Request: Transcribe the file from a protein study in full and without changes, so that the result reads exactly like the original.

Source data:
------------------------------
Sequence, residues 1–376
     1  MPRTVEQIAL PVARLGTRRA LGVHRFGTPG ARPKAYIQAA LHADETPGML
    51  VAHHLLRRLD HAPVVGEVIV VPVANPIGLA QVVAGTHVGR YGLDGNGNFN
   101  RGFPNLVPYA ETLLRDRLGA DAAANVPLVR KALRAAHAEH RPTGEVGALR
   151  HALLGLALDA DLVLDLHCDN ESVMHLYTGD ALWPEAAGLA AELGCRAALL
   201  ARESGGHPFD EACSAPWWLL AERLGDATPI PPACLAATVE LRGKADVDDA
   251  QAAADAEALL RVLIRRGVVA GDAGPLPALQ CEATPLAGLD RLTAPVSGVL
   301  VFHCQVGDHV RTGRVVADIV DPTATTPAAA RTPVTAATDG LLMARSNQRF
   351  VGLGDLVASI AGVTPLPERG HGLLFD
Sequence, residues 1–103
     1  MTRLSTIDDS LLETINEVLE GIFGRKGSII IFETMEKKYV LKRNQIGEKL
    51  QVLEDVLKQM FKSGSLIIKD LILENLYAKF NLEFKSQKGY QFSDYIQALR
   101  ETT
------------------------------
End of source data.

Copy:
Sequence, residues 1–376
     1  MPRTVEQIAL PVARLGTRRA LGVHRFGTPG ARPKAYIQAA LHADETPGML
    51  VAHHLLRRLD HAPVVGEVIV VPVANPIGLA QVVAGTHVGR YGLDGNGNFN
   101  RGFPNLVPYA ETLLRDRLGA DAAANVPLVR KALRAAHAEH RPTGEVGALR
   151  HALLGLALDA DLVLDLHCDN ESVMHLYTGD ALWPEAAGLA AELGCRAALL
   201  ARESGGHPFD EACSAPWWLL AERLGDATPI PPACLAATVE LRGKADVDDA
   251  QAAADAEALL RVLIRRGVVA GDAGPLPALQ CEATPLAGLD RLTAPVSGVL
   301  VFHCQVGDHV RTGRVVADIV DPTATTPAAA RTPVTAATDG LLMARSNQRF
   351  VGLGDLVASI AGVTPLPERG HGLLFD
Sequence, residues 1–103
     1  MTRLSTIDDS LLETINEVLE GIFGRKGSII IFETMEKKYV LKRNQIGEKL
    51  QVLEDVLKQM FKSGSLIIKD LILENLYAKF NLEFKSQKGY QFSDYIQALR
   101  ETT